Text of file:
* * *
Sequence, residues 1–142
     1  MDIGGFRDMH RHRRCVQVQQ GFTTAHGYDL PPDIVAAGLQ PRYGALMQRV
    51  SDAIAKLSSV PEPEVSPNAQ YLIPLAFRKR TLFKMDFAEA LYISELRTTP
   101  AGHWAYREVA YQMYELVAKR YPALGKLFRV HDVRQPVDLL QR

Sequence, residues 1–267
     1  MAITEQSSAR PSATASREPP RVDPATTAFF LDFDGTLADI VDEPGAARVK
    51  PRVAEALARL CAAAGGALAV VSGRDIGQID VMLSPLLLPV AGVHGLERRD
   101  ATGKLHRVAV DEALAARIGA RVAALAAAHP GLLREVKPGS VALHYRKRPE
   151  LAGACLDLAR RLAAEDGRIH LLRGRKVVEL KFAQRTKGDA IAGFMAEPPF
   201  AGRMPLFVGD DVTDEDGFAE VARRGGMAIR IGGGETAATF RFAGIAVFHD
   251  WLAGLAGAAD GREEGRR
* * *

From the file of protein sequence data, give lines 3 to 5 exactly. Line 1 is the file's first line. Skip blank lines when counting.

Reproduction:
    51  SDAIAKLSSV PEPEVSPNAQ YLIPLAFRKR TLFKMDFAEA LYISELRTTP
   101  AGHWAYREVA YQMYELVAKR YPALGKLFRV HDVRQPVDLL QR

Sequence, residues 1–267